Men and their feminine muse are not unheard of. From poetry, to art, to high fashion, the muse has inspired many a creation too. While it’s easier to understand it as a fascination for women, the concept didn’t quite sit right with us when it came to these five men and their affair with women in sarees. The more we looked, read and pondered, we wondered if it’s really about the women. We wondered if the love affair is more between them and the sarees?
Raja Ravi Varma
He painted his silk saree clad subjects with such elegance and poise that it is often said, ‘the popularity of Raja Ravi Varma’s art helped make the saree the national dress for Indian women’.
When Raja Ravi Varma was commissioned paintings by Indian royals, he set out to travel the country to find a garment for the women he would paint and picked the nine yard saree, as it draped the body beautifully while still exhibiting the contours of the female anatomy so well.
Whether she’s the one with the coyly draped red silk saree, worn against the beautiful green of the blouse, or the one in a creamy white Banarsi silk with pearls, it’s hard to say if Raja Ravi Varma’s fascination for the women he painted would have been as intense if it weren’t for the ‘nine unstitched yards’!
This man has a love so pure for the garment that he wouldn’t let a woman come in between him and his beloved saree! Himanshu Verma chooses to profess his love by literally wearing it himself, completely dropping the woman as if she were never anything more than a prop!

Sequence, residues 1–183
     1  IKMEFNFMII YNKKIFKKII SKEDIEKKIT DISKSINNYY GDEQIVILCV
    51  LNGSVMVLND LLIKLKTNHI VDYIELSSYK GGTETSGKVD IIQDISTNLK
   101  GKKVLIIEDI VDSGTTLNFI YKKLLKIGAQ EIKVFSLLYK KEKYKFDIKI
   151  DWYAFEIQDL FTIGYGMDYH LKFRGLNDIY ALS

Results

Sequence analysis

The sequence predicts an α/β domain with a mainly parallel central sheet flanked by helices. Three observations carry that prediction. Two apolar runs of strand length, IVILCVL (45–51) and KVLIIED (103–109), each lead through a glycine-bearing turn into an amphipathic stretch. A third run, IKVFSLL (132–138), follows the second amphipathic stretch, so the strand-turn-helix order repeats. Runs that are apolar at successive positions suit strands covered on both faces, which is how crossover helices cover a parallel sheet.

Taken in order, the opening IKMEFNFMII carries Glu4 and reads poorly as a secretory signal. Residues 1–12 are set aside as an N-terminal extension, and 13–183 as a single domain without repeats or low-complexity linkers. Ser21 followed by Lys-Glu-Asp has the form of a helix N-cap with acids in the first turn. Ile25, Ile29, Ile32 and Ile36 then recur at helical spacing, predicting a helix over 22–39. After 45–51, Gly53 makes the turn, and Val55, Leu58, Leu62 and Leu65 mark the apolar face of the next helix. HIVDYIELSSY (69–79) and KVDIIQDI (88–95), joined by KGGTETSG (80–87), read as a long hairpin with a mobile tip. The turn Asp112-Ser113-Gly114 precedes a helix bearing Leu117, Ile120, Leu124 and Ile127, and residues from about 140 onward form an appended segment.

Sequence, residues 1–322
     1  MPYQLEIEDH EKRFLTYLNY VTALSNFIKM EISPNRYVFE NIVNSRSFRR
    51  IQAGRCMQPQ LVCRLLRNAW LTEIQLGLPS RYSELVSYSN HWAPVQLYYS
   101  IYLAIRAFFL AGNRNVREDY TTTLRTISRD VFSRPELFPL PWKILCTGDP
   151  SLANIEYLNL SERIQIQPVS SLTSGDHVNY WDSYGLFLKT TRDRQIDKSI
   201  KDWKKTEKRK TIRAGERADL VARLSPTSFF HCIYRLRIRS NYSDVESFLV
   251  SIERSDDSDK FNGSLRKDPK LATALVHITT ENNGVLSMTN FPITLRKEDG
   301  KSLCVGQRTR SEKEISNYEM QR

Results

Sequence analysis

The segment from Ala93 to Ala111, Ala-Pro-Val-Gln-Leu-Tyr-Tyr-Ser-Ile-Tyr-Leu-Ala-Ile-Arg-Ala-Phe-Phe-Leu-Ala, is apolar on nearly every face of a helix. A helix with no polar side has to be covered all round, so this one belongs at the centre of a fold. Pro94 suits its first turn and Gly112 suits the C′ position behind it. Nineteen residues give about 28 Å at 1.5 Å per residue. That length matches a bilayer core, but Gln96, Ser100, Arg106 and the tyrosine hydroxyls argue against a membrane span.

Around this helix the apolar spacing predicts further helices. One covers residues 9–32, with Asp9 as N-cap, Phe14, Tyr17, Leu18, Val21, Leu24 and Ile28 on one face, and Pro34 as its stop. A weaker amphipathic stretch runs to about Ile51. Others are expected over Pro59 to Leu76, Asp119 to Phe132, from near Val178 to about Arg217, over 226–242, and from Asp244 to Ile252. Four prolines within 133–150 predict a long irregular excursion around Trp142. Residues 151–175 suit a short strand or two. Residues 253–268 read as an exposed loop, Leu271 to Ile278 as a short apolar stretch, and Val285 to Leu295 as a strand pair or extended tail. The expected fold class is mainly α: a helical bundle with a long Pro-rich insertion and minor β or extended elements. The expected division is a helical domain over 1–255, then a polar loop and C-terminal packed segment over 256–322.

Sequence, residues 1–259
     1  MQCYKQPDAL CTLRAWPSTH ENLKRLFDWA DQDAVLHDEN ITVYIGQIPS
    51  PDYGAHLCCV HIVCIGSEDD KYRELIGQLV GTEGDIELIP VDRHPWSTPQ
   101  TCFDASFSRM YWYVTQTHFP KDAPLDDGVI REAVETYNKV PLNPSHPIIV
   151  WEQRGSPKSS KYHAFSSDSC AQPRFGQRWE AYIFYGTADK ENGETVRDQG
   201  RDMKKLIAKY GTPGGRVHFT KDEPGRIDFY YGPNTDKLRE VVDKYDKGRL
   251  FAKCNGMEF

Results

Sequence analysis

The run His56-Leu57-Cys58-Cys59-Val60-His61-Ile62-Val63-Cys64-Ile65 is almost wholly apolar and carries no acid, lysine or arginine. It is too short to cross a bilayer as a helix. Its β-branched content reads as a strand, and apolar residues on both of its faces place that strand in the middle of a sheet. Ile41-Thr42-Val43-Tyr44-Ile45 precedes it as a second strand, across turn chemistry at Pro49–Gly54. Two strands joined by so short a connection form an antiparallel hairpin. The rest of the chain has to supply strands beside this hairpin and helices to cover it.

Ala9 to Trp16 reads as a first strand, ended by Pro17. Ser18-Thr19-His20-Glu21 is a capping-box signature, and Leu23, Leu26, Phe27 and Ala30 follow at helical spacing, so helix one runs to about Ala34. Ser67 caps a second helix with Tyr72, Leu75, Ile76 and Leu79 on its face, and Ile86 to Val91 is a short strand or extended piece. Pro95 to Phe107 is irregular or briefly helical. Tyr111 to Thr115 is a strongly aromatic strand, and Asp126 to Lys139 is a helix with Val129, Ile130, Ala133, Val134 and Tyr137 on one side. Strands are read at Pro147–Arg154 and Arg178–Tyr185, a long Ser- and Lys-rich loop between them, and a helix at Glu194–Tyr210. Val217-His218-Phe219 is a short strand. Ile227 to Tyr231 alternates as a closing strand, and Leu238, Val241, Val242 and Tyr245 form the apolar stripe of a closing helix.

Himanshu started the ‘Red Earth Design Mela’ in 2004, the first ever festival dedicated solely to the saree, featuring talks, films and more.
This picture, with a Suneet Verma tussar silk saree worn by Shyamolie Verma, shot by Prabuddha Dasgupta, sent ripples through the fashion world, relaunching the saree in its Greek goddess avatar.
The iconic photograph was a turning point for the garment in the early 90s, making it a coveted fashion item at a time when it was not even a contender!
Abraham and Thakore
They’ve played with its shape, drape and proportions, almost architecturally, combining the saree with unusual embellishments, reworking the boundaries of traditions and modernity. Think belting a saree, high necked full sleeved blouses, draped in a matter of fact way, with high mojri shoes.
The saree has never looked more dapper.
One of Abraham and Thakore’s iconic designs, The Saree Silhouette, has been acquired by Victoria and Albert Museum, to be displayed in one of their permanent galleries, next to the likes of Coco Chanel and Christian Dior.
“Simplicity, my dear, that’s all there is to it. I am a compulsive purist” says Sanjay Garg, the man who put cow motifs on Banarsi silks and brought about a signature lightness to handloom sarees through his label ‘Raw Mango’.
Though Raw Mango sarees are on everyone’s lust list, selling faster than word of the new collection spreads, what makes him a part of this list here is not just his chanderis but the way he chooses to shoot them, teasing our imagination, turning us into storytellers!
This image from his photo spread called ‘Beloved’, for instance, shows a gorgeous Banarsi silk weave lying (like a woman) on the bed next to the man, weaving a little tale in our head. It hints at the presence of a woman ever so lightly, as one wonders if the man is napping while she’s taking her time dressing up, or if they’ve had a little tiff and she’s walked out on him, while he grieves!
– text by Aditi Bhatia